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Kathy Kmonicek, AP
New York Mets relief pitcher Brandon Lyon bites his mitt as he walks off the field at the end of the top of the tenth inning after giving up two runs against the Atlanta Braves in a baseball game that was suspended from Friday night at Citi Field, Saturday, May 25, 2013, in New York. The Braves won 7-5.
I don’t let any of [the media attention] get to me at all. [New York] is an exciting place to play. Other than that it is another team and another big-league organization. —Brandon Lyon, New York Mets

WASHINGTON — Salt Lake native Brandon Lyon has been playing Major League Baseball since 2001, and the right-handed pitcher has been around the block.

The Taylorsville High grad has played in another country (with Toronto, twice), has played in a state that borders his native Utah (with Arizona), has played in front of Red Sox Nation in Boston and has toed the rubber in the National League for Houston, now in the American League.

But until this season, Lyon, 33, a veteran reliever who had made 535 appearances as this year began, had never played for a team based in New York City.

Now he is with the Mets and is one of the veteran hurlers for manager Terry Collins.

So what is it like to play in one of the major media markets in the country, where the New York tabloids have a field day with catchy headlines for sports on the back page?

“I don’t read the papers. It is not a big deal for me,” said Lyon with a laugh, sitting in front of his locker during a recent road trip to Washington to face the Nationals.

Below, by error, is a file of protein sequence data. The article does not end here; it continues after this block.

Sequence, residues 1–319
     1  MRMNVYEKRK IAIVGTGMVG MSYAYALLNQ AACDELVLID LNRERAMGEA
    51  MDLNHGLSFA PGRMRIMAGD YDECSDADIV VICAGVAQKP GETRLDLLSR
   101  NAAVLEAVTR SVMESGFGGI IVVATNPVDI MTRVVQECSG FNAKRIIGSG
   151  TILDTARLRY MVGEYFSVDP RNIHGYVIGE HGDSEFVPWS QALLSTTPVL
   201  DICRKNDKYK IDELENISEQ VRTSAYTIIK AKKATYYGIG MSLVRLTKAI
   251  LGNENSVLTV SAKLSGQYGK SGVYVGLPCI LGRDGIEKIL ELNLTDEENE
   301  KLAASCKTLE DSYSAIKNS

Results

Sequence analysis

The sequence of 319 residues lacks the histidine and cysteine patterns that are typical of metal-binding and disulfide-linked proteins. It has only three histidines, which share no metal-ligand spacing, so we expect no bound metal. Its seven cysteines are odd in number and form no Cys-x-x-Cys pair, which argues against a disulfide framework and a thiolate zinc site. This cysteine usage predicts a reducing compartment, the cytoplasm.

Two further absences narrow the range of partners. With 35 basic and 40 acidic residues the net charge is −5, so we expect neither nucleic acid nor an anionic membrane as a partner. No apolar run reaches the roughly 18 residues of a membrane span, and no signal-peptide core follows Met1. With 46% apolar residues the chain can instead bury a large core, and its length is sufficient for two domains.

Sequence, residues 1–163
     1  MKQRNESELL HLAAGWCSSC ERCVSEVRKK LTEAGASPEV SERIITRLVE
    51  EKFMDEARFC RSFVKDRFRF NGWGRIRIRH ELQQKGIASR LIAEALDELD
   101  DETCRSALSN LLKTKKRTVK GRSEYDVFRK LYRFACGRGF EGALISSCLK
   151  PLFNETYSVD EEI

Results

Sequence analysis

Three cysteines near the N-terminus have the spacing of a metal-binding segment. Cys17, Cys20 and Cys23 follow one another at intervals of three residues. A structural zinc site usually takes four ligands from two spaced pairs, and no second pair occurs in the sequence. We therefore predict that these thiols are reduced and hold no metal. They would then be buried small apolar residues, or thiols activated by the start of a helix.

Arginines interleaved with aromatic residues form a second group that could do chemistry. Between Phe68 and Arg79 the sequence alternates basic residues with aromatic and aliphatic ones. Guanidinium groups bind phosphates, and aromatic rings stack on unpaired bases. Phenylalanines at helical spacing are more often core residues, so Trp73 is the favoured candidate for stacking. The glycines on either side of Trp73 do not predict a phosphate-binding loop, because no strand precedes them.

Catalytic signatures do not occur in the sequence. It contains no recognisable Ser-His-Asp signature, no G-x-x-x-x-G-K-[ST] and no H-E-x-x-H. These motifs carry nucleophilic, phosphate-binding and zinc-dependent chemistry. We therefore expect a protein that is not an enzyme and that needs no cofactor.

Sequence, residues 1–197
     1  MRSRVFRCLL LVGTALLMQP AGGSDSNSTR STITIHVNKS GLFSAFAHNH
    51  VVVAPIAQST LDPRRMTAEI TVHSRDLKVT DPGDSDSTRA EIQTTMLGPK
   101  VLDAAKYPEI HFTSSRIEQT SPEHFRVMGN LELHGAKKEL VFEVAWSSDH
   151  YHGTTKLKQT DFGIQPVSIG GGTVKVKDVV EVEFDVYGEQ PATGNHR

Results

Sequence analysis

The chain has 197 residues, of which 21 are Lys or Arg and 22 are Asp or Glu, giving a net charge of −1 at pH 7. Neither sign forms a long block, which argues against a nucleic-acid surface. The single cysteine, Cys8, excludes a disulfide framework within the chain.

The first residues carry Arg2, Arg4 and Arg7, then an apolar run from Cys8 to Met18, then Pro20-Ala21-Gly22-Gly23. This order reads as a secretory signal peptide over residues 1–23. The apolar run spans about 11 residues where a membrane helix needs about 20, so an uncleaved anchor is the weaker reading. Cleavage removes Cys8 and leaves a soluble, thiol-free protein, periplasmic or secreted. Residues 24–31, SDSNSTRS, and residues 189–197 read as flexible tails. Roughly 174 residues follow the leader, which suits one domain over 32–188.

“I don’t let any of that get to me at all. It is an exciting place to play,” said Lyon, who added that he has gotten more requests from friends for tickets now that he is in New York. “Other than that it is another team and another big-league organization.”

Lyon said he is embracing New York City. His wife and three children, now that school is over in Utah, have joined him and they are living in Manhattan.

“If we are going to experience New York, let’s do it right,” he said.

Many players with the Mets decide to live closer to Citi Field in Queens and sometimes on Long Island, but Lyon wanted his family to experience the Big Apple.

In games through June 10, Lyon had pitched in 28 games out of the bullpen and was 2-2 with an ERA of 3.24 and no saves, though he had finished five games.

Lyon had thrown 25 innings and allowed 26 hits and five walks with 19 strikeouts.

“I feel like I am getting better. I am starting to feel better with everything right now,” said Lyon, after he threw a scoreless inning on June 4 against the Nationals. “We have had some struggles with our pitching staff.

“Right now it is a matter of people throwing well and things working out,” he added. “Right now it is a matter of getting the matchup right and having our starters go deeper in the games. When the phone rings, I am ready to go. That is how I feel right now.”

The Salt Lake native was high school teammates at Taylorsville with John Buck, in his first season as the catcher for the Mets.

“It is obviously exciting. We are on the same wavelength,” Lyon said. The two formed a battery even before high school while playing youth baseball on All-Star teams.

Lyon made his major league debut with Toronto in 2001 and also pitched for the Blue Jays the next season. He pitched for Boston in 2003, then saw time in the big leagues with Arizona from 2005-08 before he played for Detroit in 2009. Lyon was with Houston from 2010-12 before he was traded to the Blue Jays in July of last season.

The right-hander, who was a starter early in his career, had a career-high 26 saves for Arizona in 2008 and had 20 saves for Houston in 2010. But in recent years he has been used earlier in games by the Astros, Blue Jays and now Mets.

While on the road trip to Washington, Lyon and many of his teammates visited wounded American soldiers at a facility in suburban Maryland.

“It kind of puts things in perspective into what we do,” he said. “These guys are going overseas and fighting for our freedom. They are positive and upbeat. It obviously puts everything into perspective for us.”

David Driver is a freelance writer in Maryland and can be reached at www.davidsdriver.com